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Blockchain will shape the future of banking, putting power back into consumers' hands, writes Stewie Zhu, founder and CEO of Distributed Credit Chain.
The relationship between financial brands and consumers is poised for radical change, giving people total control and vision of their finances.
Blockchain. It's becoming ever-more pervasive, across an increasing number of industries and sectors. Not since the arrival of the Internet has a technology promised to revolutionise so much of our lives.
At its core, the technology is rather simple. Imagine a digital list of transactions, without any sort of centralised control. Instead, it is completely decentralised, encrypting information that cannot be changed once added, and enabling users the highest level of security. Although it can sound complicated, blockchain is user-friendly and offers a world of benefits for the average consumer.
Already, it is transforming a variety of industries. Take real estate, where cryptocurrency is already replacing fiat currency – aka pounds and dollars. Just a few months ago in the UK,using the blockchain-based currency Bitcoin.
Blockchain will drive a radical shift in power away from big financial institutions and back to the consumer.
But its biggest impact is likely to be felt in the banking sector, where the relationship between financial brands and consumers is poised for radical change. In short, blockchain will allow people to have total control and vision of their finances – from their credit score and financial data, to their overall banking footprint – driving a radical shift in power away from big financial institutions and back to the consumer.
Why now? Because we have already witnessed the traditional lending system fail consumers.
Firstly, there's the issue of high transaction costs. Many peer-to-peer lenders charge additional fees for verified credit scores. Those three-digit numbers, which are so key to consumers, are currently held by centralised credit agencies. Their monopoly of the system means consumers are charged to see their own score, as well as give it to other institutions for their use, which becomes quite expensive when those consumers might need to request it multiple times.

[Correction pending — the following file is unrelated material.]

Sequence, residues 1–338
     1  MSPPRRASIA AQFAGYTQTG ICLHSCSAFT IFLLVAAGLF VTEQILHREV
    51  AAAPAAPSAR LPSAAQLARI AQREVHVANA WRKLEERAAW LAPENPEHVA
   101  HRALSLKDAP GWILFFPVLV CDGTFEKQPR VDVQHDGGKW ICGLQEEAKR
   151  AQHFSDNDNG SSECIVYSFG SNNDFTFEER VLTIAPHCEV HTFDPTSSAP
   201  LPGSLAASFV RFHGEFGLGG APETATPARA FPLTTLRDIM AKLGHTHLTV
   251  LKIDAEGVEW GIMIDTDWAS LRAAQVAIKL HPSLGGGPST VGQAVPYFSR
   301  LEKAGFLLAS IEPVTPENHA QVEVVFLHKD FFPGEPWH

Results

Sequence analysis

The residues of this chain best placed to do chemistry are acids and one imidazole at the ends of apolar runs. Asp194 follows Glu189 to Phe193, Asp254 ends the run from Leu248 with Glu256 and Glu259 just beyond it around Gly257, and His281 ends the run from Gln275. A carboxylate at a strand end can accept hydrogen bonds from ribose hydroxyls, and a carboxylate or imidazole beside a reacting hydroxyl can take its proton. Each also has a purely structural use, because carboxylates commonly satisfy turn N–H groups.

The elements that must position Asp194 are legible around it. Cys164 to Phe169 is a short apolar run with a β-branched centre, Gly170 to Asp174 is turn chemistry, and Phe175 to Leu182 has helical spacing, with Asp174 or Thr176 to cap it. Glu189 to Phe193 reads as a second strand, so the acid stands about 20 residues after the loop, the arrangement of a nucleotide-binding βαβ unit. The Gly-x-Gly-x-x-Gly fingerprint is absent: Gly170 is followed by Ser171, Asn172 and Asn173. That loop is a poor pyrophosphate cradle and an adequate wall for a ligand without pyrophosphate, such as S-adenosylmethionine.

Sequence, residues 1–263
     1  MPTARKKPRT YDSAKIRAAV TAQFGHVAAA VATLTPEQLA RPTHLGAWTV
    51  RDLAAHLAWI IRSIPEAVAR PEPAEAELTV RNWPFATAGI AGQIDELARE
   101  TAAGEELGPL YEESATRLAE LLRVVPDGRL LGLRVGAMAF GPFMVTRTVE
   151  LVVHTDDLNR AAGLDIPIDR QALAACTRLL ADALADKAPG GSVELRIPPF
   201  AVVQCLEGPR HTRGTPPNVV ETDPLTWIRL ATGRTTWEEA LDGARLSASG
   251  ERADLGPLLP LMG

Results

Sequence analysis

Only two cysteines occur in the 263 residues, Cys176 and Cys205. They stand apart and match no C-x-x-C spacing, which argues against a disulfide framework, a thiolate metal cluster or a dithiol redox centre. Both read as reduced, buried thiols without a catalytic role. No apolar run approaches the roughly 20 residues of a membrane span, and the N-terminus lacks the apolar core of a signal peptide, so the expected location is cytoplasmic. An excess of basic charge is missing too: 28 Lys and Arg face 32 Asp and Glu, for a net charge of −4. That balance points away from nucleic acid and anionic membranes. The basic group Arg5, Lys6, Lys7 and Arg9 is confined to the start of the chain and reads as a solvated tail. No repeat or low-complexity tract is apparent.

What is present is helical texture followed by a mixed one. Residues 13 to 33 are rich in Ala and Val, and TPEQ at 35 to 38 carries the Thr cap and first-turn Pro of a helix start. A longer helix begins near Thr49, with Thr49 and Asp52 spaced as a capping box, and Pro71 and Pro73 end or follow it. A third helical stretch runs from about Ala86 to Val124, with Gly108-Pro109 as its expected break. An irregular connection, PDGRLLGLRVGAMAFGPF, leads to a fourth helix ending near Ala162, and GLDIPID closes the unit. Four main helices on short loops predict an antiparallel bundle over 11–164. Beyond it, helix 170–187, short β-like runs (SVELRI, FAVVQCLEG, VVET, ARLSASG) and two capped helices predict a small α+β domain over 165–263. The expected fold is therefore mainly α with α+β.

In the future, banking will be a more inclusive, more consumer-friendly digital system.
Secondly, banking is renowned for its exorbitant interest rates. While annual percentage rates (APRs), the fee charged for borrowing, are somewhat regulated, around the world lending institutions canfor those people who don’t have access to credit. Often, these lenders need to turn a profit and there’s considerable risk with users with bad debt that find loopholes in the system to disappear without paying their loan back. With blockchain, however, these lenders would be able to keep good track of users, keep their information secure, and could therefore reduce their interest rates.
Lastly, there’s the issue of trust between brands and consumers. Think of the recent personal data scandals involving Equifax, J.P. Morgan, and Facebook. Trust in a brand can disappear within seconds if they lose or abuse customers' personal data. Worryingly, consumers don’t currently own their data – brands and businesses do. But, blockchain would put us back in control of this data, rather than big brands. Not only could it disrupt the increasingly severe level of financial cybercrime, but it would also allow people to easily access their data and give them control over the details that are made available to banks and brands, thus minimising the infiltration of outside threats.
Blockchain is set to revolutionise the relationship between consumers and brands. Nowhere is this more evident than in the world of banking. The old analogue system is transforming, and in its place will be a more inclusive, more consumer-friendly digital system – one that’s fit for the 21st century.
Stewie Zhu is founder and CEO of Distributed Credit Chain, the world’s first distributed banking public blockchain with a goal to establish a decentralised ecosystem for financial service providers around the world.